At its website, the Worcester Commission for Women states that, "The Commission for Women shall serve as an advisory board to the resident bishop of Worcester in regard to women’s issues. It shall function as a liaison between women in the diocese and the resident bishop, raising and promoting awareness of the evolving role of women in the church and society. The commission shall strive to bond together the women of the diocese through spiritual, educational and social programs.
In its history, the commission has examined many issues affecting women and their relationship with their church. This has been accomplished through study, meetings and conferences and through its occasional column, “Concerning Women,” published in the Catholic Free Press.
Inclusive language, the problem of women and homelessness, the possibility of women’s ordination to the Permanent Diaconate, the history of women in the church and in the bible, and women’s spirituality have been the major issues..." (See here).
Now, Rome has already rejected most inclusive language. As this article explains, "The Holy See...rejected most inclusive language, especially where the references had philosophical and theological significance. Examples of such texts are Psalm 1, where "happy the man who follows not the counsel of the wicked" was translated "happy the one," or Psalm 22, where "I am worm and no man" was rendered "I am a worm and no mortal." Such uses of man have deep anthropological significance with respect to Adam (man) and messianic significance referring prophetically to Christ (the New Adam and Son of Man).
What Rome has permitted is some mild inclusive language in cases where a mixed group of individuals (as opposed to an all male group like the apostles) is meant.."
By continuing to agitate for inclusive language, the Worcester Commission for Women is signaling its rejection of the Church's teaching authority. When a matter is settled by Rome, faithful Catholics do not continue to act as if the matter were still open to debate.
And what of the ordination of women to the Permanent Diaconate? Gerhard Ludwig Muller, Professor of Dogmatic Theology in Munich, explains in his scholarly work entitled "Priesthood and Diaconate" (Ignatius Press) that the consecration of deaconesses in the early Church was not an ordination of women to the diaconate. He writes:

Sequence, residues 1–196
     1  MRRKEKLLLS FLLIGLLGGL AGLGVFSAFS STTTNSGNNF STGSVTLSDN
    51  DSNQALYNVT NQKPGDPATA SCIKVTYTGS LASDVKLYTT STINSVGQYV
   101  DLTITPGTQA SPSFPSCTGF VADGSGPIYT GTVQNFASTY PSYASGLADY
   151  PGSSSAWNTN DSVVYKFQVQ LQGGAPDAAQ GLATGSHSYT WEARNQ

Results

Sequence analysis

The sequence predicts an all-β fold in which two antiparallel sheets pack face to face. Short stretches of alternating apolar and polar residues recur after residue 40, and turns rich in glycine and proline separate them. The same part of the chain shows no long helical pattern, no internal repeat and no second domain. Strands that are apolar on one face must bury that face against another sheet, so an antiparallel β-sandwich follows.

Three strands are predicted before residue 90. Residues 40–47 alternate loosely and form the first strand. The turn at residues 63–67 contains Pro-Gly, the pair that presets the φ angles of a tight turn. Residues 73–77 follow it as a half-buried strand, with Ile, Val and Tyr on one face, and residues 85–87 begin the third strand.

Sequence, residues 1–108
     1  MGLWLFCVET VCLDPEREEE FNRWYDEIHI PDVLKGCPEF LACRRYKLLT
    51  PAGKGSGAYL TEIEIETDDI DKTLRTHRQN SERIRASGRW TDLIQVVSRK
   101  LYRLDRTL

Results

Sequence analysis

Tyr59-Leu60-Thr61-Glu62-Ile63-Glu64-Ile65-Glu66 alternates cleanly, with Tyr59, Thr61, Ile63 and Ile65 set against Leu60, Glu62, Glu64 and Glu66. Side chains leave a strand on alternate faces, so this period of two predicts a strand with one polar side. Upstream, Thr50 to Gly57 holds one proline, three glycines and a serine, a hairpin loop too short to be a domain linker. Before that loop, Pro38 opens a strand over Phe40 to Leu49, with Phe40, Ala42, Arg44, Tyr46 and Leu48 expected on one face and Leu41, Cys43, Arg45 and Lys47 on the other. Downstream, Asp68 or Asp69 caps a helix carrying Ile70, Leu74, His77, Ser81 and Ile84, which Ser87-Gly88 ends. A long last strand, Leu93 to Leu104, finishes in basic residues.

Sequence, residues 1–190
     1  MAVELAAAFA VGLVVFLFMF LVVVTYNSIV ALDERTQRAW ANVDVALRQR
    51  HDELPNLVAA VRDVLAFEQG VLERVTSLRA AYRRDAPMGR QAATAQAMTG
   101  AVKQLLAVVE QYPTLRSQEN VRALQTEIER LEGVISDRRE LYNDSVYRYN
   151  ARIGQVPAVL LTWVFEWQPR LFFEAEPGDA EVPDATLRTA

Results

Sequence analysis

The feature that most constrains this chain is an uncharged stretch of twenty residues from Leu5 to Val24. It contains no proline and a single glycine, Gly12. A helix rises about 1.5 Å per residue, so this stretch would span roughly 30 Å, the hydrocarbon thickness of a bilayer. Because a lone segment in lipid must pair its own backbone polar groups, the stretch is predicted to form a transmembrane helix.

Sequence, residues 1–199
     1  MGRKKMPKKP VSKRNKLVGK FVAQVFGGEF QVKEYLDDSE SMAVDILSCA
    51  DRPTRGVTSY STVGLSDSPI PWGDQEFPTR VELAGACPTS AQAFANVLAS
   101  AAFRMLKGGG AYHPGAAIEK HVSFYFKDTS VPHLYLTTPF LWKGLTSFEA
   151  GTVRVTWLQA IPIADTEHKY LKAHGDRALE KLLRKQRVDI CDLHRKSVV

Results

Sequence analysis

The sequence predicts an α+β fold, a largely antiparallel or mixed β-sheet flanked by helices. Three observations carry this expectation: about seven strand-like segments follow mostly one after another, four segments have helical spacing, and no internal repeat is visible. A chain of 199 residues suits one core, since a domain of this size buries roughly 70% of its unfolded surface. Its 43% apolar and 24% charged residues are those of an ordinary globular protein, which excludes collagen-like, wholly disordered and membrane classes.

"The institutionalization of charitable services performed by widows in the Christian community, of the assistance rendered by women during baptismal ceremonies, and of liturgical functions in a convent of consecrated virgins is apparent from the beginning of the third century in the ecclesiastical neologism: diaconissa/diacona. For Koine Greek, unlike Latin, could not construct the female form of 'servant' by a change of ending, but could only indicate it with the feminine article (cf. Rom 16:1). Aside from that, we also encounter the title diaconissa (and, similarly, presbyterissa and episcopissa) as a designation for the wives of deacons - for example, in papal instructions or conciliar canons that admonish higher clerics to practice celibacy, in the sense of continence.
Although there are records of the liturgical installation of deaconesses dating back to the fourth century, one must not overlook the fact that the selfsame authors who testify to this practice also make clear that the consecration of deaconesses was not the ordination of women to the diaconal ministry; on the contrary, it was a question of a different ecclesiastical office.